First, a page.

leahpatrice

Leah Kirsten Kirsten itibaren Turaevo, Respublika Tatarstan, Rusya itibaren Turaevo, Respublika Tatarstan, Rusya

Okuyucu Leah Kirsten Kirsten itibaren Turaevo, Respublika Tatarstan, Rusya

Leah Kirsten Kirsten itibaren Turaevo, Respublika Tatarstan, Rusya

leahpatrice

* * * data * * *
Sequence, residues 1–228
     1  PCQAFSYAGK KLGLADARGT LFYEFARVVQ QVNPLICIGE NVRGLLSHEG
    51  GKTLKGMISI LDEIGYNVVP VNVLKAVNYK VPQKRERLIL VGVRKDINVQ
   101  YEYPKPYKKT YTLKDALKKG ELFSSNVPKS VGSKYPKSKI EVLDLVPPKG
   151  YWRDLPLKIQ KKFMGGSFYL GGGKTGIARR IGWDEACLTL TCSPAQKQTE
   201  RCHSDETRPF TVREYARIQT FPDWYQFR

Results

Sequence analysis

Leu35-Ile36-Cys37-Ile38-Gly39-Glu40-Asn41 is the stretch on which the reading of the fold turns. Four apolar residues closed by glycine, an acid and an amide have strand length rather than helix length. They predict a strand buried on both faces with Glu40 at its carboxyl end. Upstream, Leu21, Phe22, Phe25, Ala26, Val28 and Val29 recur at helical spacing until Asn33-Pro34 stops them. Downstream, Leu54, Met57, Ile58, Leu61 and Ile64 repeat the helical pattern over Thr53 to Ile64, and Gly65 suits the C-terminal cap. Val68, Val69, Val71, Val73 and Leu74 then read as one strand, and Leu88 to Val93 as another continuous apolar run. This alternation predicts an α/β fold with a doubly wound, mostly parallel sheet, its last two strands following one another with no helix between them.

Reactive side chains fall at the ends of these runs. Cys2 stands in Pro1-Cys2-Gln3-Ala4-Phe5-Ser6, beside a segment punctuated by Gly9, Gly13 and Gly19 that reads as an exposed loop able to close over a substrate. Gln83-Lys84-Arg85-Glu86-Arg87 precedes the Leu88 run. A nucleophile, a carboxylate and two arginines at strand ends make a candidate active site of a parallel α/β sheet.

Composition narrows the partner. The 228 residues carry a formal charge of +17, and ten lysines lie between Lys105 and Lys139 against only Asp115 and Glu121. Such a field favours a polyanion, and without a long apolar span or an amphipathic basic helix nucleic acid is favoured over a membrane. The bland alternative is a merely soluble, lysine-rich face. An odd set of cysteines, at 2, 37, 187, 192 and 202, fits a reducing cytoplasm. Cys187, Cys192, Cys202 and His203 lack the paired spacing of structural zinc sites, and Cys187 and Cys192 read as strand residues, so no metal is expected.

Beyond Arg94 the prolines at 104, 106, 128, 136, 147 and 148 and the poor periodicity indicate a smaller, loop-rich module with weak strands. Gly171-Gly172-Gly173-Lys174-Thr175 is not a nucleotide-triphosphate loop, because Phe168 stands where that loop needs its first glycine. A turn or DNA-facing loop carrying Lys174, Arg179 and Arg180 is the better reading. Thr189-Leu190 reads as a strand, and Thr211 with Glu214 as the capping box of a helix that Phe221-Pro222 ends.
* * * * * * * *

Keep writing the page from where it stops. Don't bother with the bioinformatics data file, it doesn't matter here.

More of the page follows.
This is the first book from these two authors, partners in writing, research, and life. I really, really loved their second book about the history of the French language, but man! I think I forgot what a slog that was until right now. The first section of this, their first book, is a really, really great exploration of what makes the French different from everyone else. A lot of their insights were new and yet completely logical (and more than a little amusing). The second section of the book goes into the nitty-gritty of France's political and economic structure, complete with historical explanations, and it gets more than a little dry. That first section is totally worth a look, though. It occurred to us that the French really are the aborigines of France. The word aborigine is usually associated with primitive peoples now, but it really just means "original." The ancestors of the French go back several ice ages. They are not a people who, like North Americans, arrived in the midst of a primitive culture, erased it, and started over. They have always been there. There was plenty of upheaval throughout French history, but no definitive break with the past. In America, the parallel would be something like this: the Indians won, not the cowboys, and the Aztecs went on to create a country that sent rockets into orbit and delivered the mail twice a day, but still celebrated human sacrifice on the stairs of the pyramids. (That's from the first section.)